Add the sugar to the sterilised barrel, then, using a sterilised siphon tube, siphon the beer off the sediment.  Note clever use of a clothes peg in the top of the picture.

Once all the beer is in the barrel, stick a bit of Vaseline round the O-ring of the lid, and screw up tight, sealing the barrel.  Give it a bit of a shake and put in a warm place for about a week, checking periodically that no beer is leaking from either the lid or tap.

This Is A Picture Of My New Float

It connects to the tap on my barrel, and the float stays on top of the beer,
so waiting time is reduced, as it's drawing cleared beer from the top (rather than waiting for all the barrel to clear, as bottom tap barrels do).  A word of warning : Be very careful when rinsing out your barrel.  See the little see-through plastic thing on the far right? That has a habit of coming loose, and if you empty the sediment from the barrel down the toilet, as I do, and don't realise that it's not attached anymore, well, bye bye, it's through the water and over the bend before you know it!!

A Handy Tip

It's a lot easier to have a straight piece of plastic tube in the beer when siphoning off, so well worth trying to get hold of one.  They are usually available from Homebrew suppliers.  A floppy tube in the beer is a right pain as it often curls round in a 'U' shape, comes out the top of the liquid and starts to siphon air, which means having to start the process over again.  The straight pipe stays put, making the whole process a lot easier, and a lot less messy.

Thursday, 2 June 2011

Bitter Bitte! (Part 1)

(36p a pint)

Well, not German, but Yorkshire Bitter.  Young's Harvest Yorkshire Bitter to be precise.  I haven't tried this kit before and, in addition to this, I am also substituting my usual Spray Malt for some Geordie Beer Enhancer.  A 1kg bag of enhancer costs £4.49, instead of £4.75 for 500g of Spray Malt (of which I would need 2), thus a saving £5.01. The beer kit cost £9.99.

Boil up about a gallon of water.
Put beer kit and beer enhancer into a sterilised fermenting bin.
Add boiling water, using part of it to rinse out the beer kit tin.
Give the mixture a good stir.
Fill up with cold water to the 5 gallon (40 pint) mark.
Rehydrate the yeast in lukewarm water for a few minutes.
Pitch the yeast and give the liquid a good stir, adding some air to aid fermentation.

It should now look something like this =====>
Put the lid on, leaving one part cracked open to allow
Co2 to escape (or cover with a large towel).
Leave for roughly 5 days in a warm place to ferment.
Some people recommend you scrape off the layer of 'scum'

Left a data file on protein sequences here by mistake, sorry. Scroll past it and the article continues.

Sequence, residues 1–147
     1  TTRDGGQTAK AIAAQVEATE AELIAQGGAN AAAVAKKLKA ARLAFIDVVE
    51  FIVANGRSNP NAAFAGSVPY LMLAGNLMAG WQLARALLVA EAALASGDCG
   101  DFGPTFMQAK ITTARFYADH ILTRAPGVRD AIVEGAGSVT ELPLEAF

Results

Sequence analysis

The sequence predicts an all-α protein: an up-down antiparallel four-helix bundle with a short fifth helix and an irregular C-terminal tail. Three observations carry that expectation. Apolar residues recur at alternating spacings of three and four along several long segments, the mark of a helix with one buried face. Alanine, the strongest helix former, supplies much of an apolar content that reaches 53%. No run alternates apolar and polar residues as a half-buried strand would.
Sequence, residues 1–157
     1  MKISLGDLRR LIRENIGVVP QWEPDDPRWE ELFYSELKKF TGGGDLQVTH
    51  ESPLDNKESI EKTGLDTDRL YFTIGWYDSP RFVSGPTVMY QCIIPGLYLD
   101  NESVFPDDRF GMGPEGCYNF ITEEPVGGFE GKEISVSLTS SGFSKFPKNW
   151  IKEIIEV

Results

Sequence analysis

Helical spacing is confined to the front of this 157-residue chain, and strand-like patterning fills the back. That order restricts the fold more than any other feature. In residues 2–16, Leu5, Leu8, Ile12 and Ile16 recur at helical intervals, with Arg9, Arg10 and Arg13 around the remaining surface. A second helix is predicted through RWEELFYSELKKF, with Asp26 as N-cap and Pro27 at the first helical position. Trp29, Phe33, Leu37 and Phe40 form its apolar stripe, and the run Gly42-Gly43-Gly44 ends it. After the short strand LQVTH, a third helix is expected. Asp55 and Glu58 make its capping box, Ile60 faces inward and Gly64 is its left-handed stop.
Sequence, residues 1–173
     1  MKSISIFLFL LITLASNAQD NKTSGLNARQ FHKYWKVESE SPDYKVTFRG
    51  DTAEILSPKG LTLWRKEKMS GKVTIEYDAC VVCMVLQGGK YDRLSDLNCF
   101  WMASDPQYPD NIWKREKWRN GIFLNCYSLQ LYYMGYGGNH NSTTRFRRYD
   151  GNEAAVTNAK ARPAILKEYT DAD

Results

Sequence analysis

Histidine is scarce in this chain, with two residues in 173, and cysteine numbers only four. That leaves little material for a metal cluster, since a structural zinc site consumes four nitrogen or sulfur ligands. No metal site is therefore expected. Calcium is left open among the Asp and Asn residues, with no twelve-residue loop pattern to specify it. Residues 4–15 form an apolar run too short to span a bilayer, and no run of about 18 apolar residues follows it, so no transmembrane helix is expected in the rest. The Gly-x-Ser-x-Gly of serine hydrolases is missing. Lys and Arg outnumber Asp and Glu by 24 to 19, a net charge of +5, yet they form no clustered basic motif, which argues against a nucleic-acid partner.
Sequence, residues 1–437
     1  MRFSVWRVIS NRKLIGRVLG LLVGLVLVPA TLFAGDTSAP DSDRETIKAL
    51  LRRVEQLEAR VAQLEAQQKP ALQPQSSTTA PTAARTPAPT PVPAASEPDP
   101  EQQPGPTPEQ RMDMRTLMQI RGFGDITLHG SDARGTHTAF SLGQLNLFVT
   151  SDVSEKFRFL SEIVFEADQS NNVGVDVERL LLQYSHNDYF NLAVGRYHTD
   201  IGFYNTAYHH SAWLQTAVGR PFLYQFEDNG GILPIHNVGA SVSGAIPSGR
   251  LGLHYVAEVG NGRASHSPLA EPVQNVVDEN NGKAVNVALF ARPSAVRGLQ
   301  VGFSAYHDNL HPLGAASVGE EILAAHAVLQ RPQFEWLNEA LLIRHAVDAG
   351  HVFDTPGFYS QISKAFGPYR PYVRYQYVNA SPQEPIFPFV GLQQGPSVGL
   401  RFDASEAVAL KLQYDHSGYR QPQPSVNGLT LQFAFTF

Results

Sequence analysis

that appears on the top after a couple of days.  I have never bothered,
and don't really think it will make any difference to the beer's taste.  
I could be wrong though.


Tuesday, 17 May 2011

How To Make Rhubarb Wine

(approx 20p per bottle)

Yesterday, I was kindly given some Rhubarb.

After weighing it, I discovered there was 30lb of Rhubarb, which is enough to make 10 gallons of wine.

Although I am making 2 x 5 gallon batches, the method is the same as for making 1 gallon. 

The basic recipe is 3lb of Rhubarb & 3lb of sugar per gallon, water, yeast & yeast nutrient.

Sterilise a fermenting bucket, rinsing thoroughly. 

Wipe the Rhubarb, or rinse it under the tap.

Cut or slice the sticks into smallish chunks and put them in the fermenting bin.

Cover with all the sugar and leave for 24 hours.

It should now resemble this picture ====>

It's worth getting your (clean) hand in and making sure all the sugar is off the sides of the bin and there are no lumps underneath the Rhubarb. 

Give it all a quick mush round and leave for a few hours longer if necessary.

Once all the sugar has dissolved, strain off the juice into (sterilised) demijohns or a larger fermenting vessel, depending on what volume you have made.  You don't actually have to strain the juice, just try not to let any Rhubarb into the fermentation vessel.

Once all the juice is strained off, add some water to the Rhubarb , swill it round and strain again.  Do this until you have filled your fermentation vessel with the desired amount.

Add all purpose wine yeast and nutrient to a small amount of lukewarm water, and leave for a few minutes to rehydrate.  Add this to the juice and stir.

After about 3 months, the wine will have finished fermenting.

At this stage it should be racked off into a fresh vessel, and again a couple of months later once clear.

It can then be bottled. It will be ready to drink when 9 months old but will improve if kept for a year or so.